March 10, 2011 — The University of Virginia's Miller Center of Public Affairs has published "The State of the U.S. Military," a collection of presentations made during a year-long forum series.
"The ongoing wars in Iraq and Afghanistan have unleashed unprecedented challenges for the U.S. military," said Cristina Lopez-Gottardi, assistant chair of the Miller Center Forum program and the book's co-editor. "'The State of the U.S. Military' offers a unique assessment of these challenges and the massive shift made by the American military from Cold War doctrine, strategy, culture and weaponry to post-9/11 security threats."
The presentations were delivered by top military leaders and journalists who cover military affairs, and policy analysts, including:
• Gen. John P. Abizaid, former commander of the U.S. Central Command, who presented a strategic overview of U.S. interests and prospects in the Middle East.
• Raffi Khatchadourian, New Yorker staff writer and author of "The Kill Company," joined by one of his sources, Capt. Peter Hegseth, who served in Iraq. Khatchadourian and Hegseth discussed the very complex rules of engagement that highlight both the unprecedented demands placed on military officers and the intensity of these current conflicts.
• Greg Jaffe, Washington Post Pentagon correspondent and author of "The Fourth Star: Four Generals and the Epic Struggle for the Future of the United States Army," who analyzed the evolution of the U.S. military through the lives of four influential American generals.
• Brig. Gen. Herbert McMaster, appointed by Gen. David Petraeus to head a joint anticorruption task force at the International Security Assistance Forces, who explained the evolution of the war in Iraq and highlighted the military's overreliance on technology, lessons learned, prospects for the future of the U.S. military and possible outcomes in Iraq.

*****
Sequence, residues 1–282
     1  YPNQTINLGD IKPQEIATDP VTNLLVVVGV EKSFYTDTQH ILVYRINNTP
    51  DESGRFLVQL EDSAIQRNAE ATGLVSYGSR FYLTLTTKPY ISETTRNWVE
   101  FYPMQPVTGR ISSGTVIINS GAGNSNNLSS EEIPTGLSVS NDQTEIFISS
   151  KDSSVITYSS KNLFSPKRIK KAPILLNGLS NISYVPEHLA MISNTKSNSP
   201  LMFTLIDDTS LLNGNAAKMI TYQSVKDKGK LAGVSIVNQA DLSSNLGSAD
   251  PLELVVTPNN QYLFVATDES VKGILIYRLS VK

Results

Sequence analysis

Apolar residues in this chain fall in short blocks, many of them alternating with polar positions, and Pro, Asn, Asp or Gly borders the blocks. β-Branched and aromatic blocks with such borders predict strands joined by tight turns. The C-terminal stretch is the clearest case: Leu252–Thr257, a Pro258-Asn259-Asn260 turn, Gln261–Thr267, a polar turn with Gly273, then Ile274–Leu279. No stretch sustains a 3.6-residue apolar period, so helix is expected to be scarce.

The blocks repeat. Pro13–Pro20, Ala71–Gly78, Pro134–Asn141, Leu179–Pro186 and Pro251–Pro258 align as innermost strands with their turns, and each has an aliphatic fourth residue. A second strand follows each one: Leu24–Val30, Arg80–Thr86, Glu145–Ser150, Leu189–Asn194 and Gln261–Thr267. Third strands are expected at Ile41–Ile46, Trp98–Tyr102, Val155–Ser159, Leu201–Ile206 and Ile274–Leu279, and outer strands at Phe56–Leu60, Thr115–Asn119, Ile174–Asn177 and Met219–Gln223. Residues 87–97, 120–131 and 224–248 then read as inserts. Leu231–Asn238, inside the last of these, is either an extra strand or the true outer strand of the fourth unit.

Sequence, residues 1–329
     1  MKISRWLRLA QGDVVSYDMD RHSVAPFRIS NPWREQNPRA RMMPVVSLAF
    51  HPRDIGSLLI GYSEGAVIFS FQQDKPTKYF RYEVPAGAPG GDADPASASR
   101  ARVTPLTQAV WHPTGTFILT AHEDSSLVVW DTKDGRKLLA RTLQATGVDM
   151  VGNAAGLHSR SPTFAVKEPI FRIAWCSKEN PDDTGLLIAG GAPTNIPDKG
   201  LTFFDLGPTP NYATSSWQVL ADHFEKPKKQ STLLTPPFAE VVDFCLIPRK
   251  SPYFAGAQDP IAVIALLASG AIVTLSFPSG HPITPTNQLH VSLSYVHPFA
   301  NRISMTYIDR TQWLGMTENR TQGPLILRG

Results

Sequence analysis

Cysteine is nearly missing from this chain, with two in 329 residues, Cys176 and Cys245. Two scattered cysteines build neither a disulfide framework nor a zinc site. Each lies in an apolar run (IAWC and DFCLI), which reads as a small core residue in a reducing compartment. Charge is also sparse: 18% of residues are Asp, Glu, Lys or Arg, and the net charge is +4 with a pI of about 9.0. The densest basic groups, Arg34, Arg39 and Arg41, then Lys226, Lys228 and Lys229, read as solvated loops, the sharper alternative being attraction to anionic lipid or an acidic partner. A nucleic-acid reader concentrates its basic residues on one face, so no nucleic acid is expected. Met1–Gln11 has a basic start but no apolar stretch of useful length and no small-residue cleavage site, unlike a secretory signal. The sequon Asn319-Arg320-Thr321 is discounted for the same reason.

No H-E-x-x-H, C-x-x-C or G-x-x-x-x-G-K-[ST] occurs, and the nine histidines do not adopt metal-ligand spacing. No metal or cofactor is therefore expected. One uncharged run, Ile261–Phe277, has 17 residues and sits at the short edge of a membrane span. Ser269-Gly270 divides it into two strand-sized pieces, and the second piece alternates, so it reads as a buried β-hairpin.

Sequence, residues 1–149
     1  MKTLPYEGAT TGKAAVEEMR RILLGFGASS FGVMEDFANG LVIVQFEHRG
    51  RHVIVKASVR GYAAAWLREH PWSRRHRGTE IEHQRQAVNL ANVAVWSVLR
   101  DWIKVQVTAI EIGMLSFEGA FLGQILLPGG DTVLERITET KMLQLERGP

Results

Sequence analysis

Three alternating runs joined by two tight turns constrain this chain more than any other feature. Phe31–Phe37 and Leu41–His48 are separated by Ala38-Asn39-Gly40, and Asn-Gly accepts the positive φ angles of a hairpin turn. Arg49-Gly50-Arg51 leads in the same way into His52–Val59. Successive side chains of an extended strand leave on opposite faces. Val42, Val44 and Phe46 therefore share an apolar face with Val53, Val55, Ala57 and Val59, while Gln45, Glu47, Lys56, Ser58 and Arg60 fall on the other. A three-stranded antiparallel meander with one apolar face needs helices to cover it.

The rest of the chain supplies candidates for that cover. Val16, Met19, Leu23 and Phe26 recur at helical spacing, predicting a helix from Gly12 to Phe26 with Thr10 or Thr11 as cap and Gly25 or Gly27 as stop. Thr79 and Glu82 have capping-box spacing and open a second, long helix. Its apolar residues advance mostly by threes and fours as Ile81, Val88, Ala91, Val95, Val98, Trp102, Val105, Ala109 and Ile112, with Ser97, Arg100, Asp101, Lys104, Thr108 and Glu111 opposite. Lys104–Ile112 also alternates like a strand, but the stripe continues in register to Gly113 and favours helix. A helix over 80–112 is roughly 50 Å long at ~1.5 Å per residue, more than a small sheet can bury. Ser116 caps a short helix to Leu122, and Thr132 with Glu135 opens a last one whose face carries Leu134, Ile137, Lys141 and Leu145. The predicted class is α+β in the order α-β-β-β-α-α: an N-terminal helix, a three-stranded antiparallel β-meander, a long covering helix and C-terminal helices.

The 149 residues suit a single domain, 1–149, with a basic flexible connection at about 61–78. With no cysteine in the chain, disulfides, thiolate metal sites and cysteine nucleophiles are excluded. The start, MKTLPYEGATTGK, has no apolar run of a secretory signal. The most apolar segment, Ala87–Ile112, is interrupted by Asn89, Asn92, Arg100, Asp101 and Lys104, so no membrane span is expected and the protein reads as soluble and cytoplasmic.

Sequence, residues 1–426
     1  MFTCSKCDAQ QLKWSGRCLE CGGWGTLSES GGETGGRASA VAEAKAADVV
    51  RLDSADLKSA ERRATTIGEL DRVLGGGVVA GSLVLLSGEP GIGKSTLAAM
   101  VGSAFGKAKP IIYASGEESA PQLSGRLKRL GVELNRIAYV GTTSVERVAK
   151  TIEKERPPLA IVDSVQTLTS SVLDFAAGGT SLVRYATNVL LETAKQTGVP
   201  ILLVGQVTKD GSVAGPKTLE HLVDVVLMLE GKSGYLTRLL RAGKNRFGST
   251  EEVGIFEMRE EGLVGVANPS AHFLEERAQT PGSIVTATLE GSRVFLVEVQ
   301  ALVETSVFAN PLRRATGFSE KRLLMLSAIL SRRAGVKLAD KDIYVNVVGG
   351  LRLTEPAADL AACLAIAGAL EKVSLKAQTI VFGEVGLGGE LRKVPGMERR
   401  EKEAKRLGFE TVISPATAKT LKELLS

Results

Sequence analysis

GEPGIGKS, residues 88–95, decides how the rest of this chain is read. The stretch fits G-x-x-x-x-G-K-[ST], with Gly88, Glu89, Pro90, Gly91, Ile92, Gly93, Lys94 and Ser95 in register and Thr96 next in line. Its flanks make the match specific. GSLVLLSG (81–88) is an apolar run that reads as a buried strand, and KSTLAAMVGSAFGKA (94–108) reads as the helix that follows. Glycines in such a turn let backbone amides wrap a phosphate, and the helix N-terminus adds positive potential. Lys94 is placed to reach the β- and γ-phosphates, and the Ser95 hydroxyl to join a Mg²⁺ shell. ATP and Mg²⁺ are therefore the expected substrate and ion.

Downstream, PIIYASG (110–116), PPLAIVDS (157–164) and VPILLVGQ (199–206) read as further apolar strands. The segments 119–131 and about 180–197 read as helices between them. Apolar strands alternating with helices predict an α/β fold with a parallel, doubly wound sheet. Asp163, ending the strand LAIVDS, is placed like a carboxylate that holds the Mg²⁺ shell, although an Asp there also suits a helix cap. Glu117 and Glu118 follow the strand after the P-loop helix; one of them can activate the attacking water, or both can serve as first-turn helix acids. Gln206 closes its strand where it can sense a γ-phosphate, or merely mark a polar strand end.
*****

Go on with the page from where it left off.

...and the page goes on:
• Mark Mazzetti, Pulitzer Prize-winning New York Times national security correspondent, who explored the treacherous political and military landscape posed by Afghanistan and Pakistan.
• Peter Baker, New York Times White House correspondent and former Washington Post reporter, who analyzed the legacy of the George W. Bush administration and the struggles that President Obama faces as he balances national security and the protection of civil liberties.
• Peter W. Singer, director of the Brookings Institution's 21st Century Initiative, who concluded the series with a fascinating view of changes in warfare and an analysis of the Army's reliance on robotics and other new technologies.
The Miller Center's Forum Program each year presents more than 50 public officials, scholars and journalists.
Archived webcasts of forums included in "The State of the U.S. Military" are available online.